Collects were created for use in liturgical worship and churches using that kind of worship will have collects for every Sunday.  Their form is similar to that of the Lord’s Prayer and they are intended to collect the theme of each week’s Bible readings in worship.  Liturgical churches using include the Roman Catholic, Orthodox, Episcopal/Anglican, and Lutheran churches.  Each of them will have printed collections of the Collects.


The collect has a fixed format (like a sonnet or haiku), though not based on syllables or meter, but on structure.  The basic form of the collect is a three-part structure; the Address, the Petition and the Conclusion.  The Address begins by naming God to whom we pray and then usually describes an attribute or action that God has shown in the past.  The Petition lays out what it is we are asking of God and is usually expressed as a desire for God to do a new action similar to the action in the past named in the Address.   The Conclusion is usually an appeal for God’s grace through Jesus Christ and includes a doxology, or brief statement of belief in the nature of the Trinitarian God.

Here’s an example.  This example is pretty formal as it is designed for use in a formal worship service, but you can use this form minus the formal language easily.

O God, who did wonderfully create, and yet more wonderfully restore, the dignity of human nature: Grant that we may share the divine life of him who humbled himself to share our humanity, your Son Jesus Christ; who lives and reigns with you, in the unity of the Holy Spirit, one God, for ever and ever. Amen

The address is to God “O God” and the action in the past is “who did wonderfully create, and yet more wonderfully restore, the dignity of human nature.”  The petition, building on that past action is “Grant that we may share the divine life of him who humbled himself to share our humanity.”  And then the conclusion, with doxology with acknowledgment of the Trinity is: “your Son Jesus Christ; who lives and reigns with you, in the unity of the Holy Spirit, one God, for ever and ever. Amen”

The prayer of St John, Chrysostom

Almighty God, you have given us grace at this time with one accord to make our common supplication to you; and you have promised through your well-beloved Son that when two or three are gathered together in his Name you will be in the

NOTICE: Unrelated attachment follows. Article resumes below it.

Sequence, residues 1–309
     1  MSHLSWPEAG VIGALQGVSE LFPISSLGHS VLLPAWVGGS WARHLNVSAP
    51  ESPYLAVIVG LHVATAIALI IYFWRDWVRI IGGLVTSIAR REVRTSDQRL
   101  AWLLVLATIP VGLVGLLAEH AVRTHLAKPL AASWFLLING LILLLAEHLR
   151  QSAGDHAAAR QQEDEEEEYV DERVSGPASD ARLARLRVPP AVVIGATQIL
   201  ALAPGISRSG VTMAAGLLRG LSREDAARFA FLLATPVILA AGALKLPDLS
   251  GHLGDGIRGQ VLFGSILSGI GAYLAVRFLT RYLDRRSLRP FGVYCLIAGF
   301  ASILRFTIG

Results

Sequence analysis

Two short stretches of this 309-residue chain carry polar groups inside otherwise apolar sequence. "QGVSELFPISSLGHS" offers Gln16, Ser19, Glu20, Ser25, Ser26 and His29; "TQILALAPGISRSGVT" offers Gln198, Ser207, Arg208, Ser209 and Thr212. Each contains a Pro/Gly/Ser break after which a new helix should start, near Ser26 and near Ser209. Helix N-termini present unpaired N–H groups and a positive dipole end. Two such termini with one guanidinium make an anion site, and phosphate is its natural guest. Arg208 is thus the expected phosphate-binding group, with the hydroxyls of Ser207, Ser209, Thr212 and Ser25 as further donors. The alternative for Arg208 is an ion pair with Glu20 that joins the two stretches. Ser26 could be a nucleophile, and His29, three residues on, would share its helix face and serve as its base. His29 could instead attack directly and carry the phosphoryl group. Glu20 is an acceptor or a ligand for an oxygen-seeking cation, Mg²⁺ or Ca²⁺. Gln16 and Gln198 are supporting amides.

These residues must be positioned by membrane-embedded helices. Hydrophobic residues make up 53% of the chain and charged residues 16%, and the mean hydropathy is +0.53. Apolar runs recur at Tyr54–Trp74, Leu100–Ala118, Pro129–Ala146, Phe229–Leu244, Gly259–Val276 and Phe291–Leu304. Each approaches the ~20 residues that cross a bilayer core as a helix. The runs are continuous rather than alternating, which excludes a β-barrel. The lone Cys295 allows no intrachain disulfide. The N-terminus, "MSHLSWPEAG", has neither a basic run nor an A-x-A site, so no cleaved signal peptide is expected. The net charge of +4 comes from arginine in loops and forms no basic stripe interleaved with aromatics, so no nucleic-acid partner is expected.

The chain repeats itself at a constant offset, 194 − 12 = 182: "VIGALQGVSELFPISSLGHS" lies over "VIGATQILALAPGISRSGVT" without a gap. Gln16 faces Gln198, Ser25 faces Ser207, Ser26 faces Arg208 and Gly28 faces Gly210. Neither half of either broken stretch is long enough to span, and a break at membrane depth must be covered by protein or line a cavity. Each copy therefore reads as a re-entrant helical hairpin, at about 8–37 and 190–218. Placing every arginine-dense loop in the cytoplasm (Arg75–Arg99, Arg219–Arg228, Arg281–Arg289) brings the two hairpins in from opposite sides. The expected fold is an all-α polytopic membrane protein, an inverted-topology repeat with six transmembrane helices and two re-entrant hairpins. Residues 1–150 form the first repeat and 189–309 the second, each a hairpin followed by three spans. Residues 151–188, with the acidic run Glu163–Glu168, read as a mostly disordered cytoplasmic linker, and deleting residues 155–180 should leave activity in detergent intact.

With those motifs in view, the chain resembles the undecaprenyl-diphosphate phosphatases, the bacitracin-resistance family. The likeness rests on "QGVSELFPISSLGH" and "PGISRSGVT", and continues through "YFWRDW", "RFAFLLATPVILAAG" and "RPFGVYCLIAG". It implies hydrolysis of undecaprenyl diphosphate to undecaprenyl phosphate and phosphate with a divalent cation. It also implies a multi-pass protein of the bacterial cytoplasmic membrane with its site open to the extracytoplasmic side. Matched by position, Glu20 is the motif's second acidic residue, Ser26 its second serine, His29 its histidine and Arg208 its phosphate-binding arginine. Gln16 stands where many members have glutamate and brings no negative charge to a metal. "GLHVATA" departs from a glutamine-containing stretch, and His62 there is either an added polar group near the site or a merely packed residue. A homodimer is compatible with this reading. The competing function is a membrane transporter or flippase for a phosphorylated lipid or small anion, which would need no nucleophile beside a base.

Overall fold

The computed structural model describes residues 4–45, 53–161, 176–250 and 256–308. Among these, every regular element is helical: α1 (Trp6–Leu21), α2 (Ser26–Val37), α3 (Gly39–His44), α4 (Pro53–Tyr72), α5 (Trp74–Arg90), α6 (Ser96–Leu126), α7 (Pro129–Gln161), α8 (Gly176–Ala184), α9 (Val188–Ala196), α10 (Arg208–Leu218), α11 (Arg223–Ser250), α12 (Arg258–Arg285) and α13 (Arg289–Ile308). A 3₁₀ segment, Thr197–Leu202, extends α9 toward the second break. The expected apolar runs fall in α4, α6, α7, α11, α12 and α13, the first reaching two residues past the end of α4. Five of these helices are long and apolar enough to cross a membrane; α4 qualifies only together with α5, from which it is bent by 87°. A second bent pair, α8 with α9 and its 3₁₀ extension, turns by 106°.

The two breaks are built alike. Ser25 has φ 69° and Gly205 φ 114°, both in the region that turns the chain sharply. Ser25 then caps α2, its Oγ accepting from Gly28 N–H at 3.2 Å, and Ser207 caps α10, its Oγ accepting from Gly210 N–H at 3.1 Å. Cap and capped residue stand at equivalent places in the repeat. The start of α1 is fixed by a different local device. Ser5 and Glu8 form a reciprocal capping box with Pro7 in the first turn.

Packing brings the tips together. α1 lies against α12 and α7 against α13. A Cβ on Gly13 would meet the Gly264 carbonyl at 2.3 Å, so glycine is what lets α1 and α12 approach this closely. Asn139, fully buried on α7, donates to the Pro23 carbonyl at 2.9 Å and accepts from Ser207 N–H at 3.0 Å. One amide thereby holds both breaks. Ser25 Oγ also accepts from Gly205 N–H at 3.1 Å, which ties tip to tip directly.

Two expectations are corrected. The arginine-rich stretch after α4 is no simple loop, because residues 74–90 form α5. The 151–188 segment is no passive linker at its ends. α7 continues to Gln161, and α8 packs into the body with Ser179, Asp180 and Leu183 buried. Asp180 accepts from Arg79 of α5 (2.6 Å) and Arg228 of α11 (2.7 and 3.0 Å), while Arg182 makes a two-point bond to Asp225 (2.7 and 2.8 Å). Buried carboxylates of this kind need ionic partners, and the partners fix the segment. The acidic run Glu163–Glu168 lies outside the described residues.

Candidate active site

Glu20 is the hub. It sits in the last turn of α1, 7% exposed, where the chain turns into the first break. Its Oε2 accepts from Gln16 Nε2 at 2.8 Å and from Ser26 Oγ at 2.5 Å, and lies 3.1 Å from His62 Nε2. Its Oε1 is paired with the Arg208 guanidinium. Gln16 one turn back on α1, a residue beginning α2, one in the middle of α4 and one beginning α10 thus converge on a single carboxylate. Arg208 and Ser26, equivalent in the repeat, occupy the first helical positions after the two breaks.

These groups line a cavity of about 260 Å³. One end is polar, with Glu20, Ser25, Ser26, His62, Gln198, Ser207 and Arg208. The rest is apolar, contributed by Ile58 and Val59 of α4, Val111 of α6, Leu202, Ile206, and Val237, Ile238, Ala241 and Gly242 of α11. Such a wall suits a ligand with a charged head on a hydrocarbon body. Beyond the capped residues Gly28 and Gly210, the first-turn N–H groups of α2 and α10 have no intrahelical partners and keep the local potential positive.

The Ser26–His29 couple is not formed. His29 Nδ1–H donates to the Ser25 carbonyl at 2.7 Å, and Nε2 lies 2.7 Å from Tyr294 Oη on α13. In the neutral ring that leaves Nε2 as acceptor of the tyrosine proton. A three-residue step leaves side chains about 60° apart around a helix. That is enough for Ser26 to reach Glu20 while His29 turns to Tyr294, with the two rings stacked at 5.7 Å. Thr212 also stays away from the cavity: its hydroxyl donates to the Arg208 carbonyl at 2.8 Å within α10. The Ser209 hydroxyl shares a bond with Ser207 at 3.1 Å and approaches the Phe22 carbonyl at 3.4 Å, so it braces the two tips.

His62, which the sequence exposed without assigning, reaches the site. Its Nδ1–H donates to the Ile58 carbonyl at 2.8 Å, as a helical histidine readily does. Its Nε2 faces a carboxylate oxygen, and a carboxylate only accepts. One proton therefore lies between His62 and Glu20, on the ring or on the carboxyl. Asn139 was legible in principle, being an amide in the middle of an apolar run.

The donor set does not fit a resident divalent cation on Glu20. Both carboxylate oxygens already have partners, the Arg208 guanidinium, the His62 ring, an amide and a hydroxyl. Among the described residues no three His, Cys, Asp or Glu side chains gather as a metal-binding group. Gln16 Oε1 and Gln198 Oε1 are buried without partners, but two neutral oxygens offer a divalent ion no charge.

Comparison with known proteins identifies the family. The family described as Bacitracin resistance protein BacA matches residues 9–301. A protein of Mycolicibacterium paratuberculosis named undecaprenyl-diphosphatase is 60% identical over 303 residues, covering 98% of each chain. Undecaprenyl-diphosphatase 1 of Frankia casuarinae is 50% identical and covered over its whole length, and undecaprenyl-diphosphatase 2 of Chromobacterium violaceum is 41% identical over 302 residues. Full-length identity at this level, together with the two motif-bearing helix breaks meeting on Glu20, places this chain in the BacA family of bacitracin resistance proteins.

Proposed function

midst of them: Fulfill now, O Lord, our desires and petitions as may be best for us; granting us in this world knowledge of your truth, and in the age to come life everlasting. Amen.

This prayer is attributed to a famous fourth century bishop of Constantinople who was renowned for his oratory (Chrysostom means “golden tongued”).  This prayer is a nice way to finish up your other prayers, especially if you’re praying as a group or another or with your family.


The Song of Simeon

Lord, you now have set your servant free to go in peace as you have promised;

For these eyes of mine have seen the Savior, whom you have prepared for all the world to see: A Light to enlighten the nations, and the glory of your people Israel.

                                                                                    Luke’s Gospel Chapter 2, verses 29-32

These are the words of Simeon, an aged priest in Jerusalem who encounters Jesus as an infant when his family bring him to be circumcised in accordance with the Mosaic Law.  It may not be what you think of as a prayer, but it is actually a prayer of thanksgiving. 


I’m offering two examples of confession, because people often struggle with how to confess in a general way.  These are drawn from those used in the Episcopal Church and offer a good guide for your own prayers.

Example 1

Most merciful God,

I confess that we have sinned against you

in thought, word, and deed,

by what I have done,

and by what I have left undone.

I have not loved you with my whole heart;

I have not loved my neighbors as myself.

I am truly sorry and I humbly repent.

For the sake of your Son Jesus Christ,